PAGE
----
Fired councillors want audience with Tsvangirai

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Expelled Chitungwiza MDC councillors are seeking audience with party president Morgan Tsvangirai over the party’s “cruel and unconstitutional” decision to kick them out.

Mayor of Chitungwiza, Alderman Philemon Chipiyo said this week that he had asked the party’s Deputy Organising Secretary, Morgan Komichi to arrange a meeting with Tsvangirai.

“We (Chitungwiza councillors) feel we have been treated unfairly. Those found to be corrupt should face the music alone and not smear everyone,” said Chipiyo who was last week fired together with 23 other councillors for alleged corruption and insubordination.

The MDC leadership has, however, reacted angrily to the former MDC councillors’ complaint.

“The party has spoken,” said MDC Deputy Secretary-General Tapiwa Mashakada.

“The Chitungwiza expulsions are now water under the bridge. Those councillors are no longer members of the MDC so they have no right to talk about our party’s constitution. What procedure and whose constitution are they talking about?”

Speaking from Spain MDC spokesman Nelson Chamisa said that the councillors were trying to hide their crimes behind technical arguments.
“Those technical arguments won’t help them,” said Chamisa.

“We can’t wait for congress to fire you. But we will do so (fire) and then inform congress later. If they loved the party so much why did they put it into disrepute?”

Mashakada said: “We can’t wait for procedure while the looting continues. We had to protect public interests”.

Asked how the public would benefit since the expelled councillors remained in office at Chitungwiza and nothing had been done to recover whatever they are alleged to have stolen, Mashakada said the ball was now in the hands of the police.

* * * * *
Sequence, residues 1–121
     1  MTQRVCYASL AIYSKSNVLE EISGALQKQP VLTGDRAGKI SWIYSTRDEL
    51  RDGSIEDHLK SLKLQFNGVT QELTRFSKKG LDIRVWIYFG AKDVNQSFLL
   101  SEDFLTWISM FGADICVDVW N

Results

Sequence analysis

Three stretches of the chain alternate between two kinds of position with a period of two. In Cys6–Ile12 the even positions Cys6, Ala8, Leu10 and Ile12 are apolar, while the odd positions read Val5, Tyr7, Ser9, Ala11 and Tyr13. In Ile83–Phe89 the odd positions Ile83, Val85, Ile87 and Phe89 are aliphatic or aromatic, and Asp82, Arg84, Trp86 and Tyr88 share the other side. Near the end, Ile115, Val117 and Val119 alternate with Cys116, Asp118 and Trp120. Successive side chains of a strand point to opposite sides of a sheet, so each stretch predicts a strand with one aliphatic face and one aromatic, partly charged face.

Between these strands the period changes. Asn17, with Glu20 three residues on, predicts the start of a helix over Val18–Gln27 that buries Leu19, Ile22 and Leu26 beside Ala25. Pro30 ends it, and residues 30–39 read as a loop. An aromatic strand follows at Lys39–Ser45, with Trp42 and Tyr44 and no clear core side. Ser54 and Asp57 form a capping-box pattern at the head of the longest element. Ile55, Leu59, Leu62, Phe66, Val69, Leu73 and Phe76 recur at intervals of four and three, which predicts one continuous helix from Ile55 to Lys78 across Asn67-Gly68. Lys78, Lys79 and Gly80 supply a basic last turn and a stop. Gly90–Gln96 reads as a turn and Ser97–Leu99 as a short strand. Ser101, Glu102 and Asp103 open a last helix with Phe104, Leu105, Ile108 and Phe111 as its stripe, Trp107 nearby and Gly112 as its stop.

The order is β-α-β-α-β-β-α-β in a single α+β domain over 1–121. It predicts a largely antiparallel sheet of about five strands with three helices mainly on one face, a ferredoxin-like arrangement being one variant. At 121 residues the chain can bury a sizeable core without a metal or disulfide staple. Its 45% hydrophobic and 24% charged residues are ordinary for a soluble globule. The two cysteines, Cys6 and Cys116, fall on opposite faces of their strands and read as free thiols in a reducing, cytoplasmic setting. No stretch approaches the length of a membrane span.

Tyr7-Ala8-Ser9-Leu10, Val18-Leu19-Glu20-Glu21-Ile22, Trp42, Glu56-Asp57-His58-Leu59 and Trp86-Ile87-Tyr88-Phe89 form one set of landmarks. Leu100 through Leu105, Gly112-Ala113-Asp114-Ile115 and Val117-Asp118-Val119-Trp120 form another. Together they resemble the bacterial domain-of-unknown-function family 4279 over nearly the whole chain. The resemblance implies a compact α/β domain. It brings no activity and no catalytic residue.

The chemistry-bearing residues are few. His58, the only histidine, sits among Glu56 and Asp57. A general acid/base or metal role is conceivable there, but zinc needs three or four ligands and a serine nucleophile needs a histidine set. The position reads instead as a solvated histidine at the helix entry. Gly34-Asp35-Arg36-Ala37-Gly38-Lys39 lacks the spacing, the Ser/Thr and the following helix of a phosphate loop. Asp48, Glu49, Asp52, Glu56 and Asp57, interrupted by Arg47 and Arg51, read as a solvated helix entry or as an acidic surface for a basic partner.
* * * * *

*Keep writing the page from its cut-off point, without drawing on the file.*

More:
The MDC last week did what Chamisa described as “a Caesarean” to save a city whose fathers had allegedly rejected “surgical treatment” in the form of outsider, Vincent Gwarazimba.

In an earlier interview with Chipiyo, soon after the expulsions last week the mayor who was in the company of Ward 21 councillor Booker Washington Usada, argued that only the party congress had the power to expel them.

Chipiyo said he was particularly hurt that efforts were being put to remove him from office at a time he had just sourced an unprecedented £10 million to resuscitate Chitungwiza’s water and sewer systems.

“They should have dealt with the corruption issue individually. As for the other issue of defiance, we knew nothing about the party directive to elect Gwaradzimba. The party has also not followed the constitutional procedure to expel us,” said Chipiyo.

Some of the councillors including Chipiyo and Usada were with the MDC at its formation in 1999 and they have all paid dearly for being opposition officials.

Chipiyo lost his son Archford, who was brutally murdered together with three other MDC youths by alleged Zanu PF militias who petrol bombed Chipiyo’s house a few days before the June 27 violent election.